Storm Watch

Severe Weather



The lightning capital
of the nation

Times photo by ERIC PARSONS

Severe weather threatens Hillsborough County. This is a view of the storm from downtown St. Petersburg on Tampa Bay

Tampa Bay is known as the lightning capital of the nation. In June, 1993, more than 21,000 cloud-to-ground lightning flashes occurred within a 50-mile radius of Tampa Bay. In June 1994, the number of flashes rose to an incredible 50,000.

Florida averages 10 deaths and 30 injuries a year from lightning. Since 1959, Florida has had more than 350 lightning-related deaths and more than 1,000 injuries. (See related story: "A bolt out of the blue")

The temperature of a single bolt can reach 50,000 degrees Fahrenheit, about five times as hot as the sun's surface; lightning can strike up to 10 miles away from the storm.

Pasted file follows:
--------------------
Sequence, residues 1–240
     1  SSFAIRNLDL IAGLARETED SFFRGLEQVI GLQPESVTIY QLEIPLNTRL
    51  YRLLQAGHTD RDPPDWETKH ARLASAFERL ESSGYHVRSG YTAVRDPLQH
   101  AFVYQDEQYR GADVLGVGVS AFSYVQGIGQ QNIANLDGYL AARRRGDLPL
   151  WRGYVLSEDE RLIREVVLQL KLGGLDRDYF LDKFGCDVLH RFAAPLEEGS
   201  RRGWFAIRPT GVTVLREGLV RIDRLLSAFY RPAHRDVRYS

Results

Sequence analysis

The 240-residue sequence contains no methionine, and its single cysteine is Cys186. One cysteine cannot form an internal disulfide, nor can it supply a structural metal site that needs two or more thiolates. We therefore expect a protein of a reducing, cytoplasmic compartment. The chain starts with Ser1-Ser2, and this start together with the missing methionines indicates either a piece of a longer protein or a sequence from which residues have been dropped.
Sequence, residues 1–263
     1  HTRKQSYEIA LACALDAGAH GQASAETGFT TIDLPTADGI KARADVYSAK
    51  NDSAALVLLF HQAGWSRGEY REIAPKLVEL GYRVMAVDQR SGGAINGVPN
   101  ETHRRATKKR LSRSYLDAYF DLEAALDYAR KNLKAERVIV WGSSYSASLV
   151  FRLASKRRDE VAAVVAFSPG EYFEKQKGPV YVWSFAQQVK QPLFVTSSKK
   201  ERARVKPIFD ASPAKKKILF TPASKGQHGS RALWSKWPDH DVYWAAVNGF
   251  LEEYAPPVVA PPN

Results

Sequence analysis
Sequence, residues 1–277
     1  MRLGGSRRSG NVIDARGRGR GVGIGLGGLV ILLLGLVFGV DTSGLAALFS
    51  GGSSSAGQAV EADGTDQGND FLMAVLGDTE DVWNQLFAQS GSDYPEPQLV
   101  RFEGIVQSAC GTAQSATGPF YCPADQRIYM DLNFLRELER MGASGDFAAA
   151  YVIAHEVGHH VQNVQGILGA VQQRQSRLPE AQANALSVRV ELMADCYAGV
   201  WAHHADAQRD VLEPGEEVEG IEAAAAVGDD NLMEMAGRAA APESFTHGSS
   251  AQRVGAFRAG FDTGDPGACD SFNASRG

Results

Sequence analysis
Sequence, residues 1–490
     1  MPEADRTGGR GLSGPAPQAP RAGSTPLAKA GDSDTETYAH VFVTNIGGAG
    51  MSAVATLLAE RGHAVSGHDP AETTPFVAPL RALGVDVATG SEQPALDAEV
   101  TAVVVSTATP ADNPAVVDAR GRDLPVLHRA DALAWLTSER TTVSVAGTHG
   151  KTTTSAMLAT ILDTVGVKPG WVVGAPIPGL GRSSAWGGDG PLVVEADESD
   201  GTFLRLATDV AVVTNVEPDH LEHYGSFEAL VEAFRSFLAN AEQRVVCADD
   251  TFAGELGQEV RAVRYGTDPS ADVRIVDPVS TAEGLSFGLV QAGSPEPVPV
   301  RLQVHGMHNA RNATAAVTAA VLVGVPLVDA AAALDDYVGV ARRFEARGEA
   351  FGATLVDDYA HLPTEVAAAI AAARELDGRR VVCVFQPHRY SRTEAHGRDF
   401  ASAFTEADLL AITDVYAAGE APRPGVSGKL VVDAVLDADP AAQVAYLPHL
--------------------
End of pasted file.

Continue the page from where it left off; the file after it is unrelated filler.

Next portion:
Perhaps most amazing is that so many people survive lightning strikes. "It lasts such a short amount of time, if it doesn't get anything vital like your brain, you're okay," said Martin Uman, a University of Florida professor of electrical engineering and author of three books on lightning.

"It could stop your heart, but hearts are restartable," said Uman. "Very few people are really fried. Usually there's some burning on the outside."

In most cases, Uman said, the victims suffer "a bad shock."

On July 1, 1994, Jeanne Millam was handing out wedding invitations near a dock on the Chassahowitzka River in Citrus County when a bolt snapped a light pole, went underground and re-emerged near Millam, 31.

It was enough to melt her gold bracelet and stop her breathing, but not enough to send her to the hospital.

"I had been through this before," she said. Twenty years ago, and some 20 miles to the east, a bolt ricocheted off a tree and knocked her unconscious.

Are you prepared for a thunderstorm?

Times photo by

Times photo by

Times photo by

©Copyright 1999, St. Petersburg Times. All rights reserved.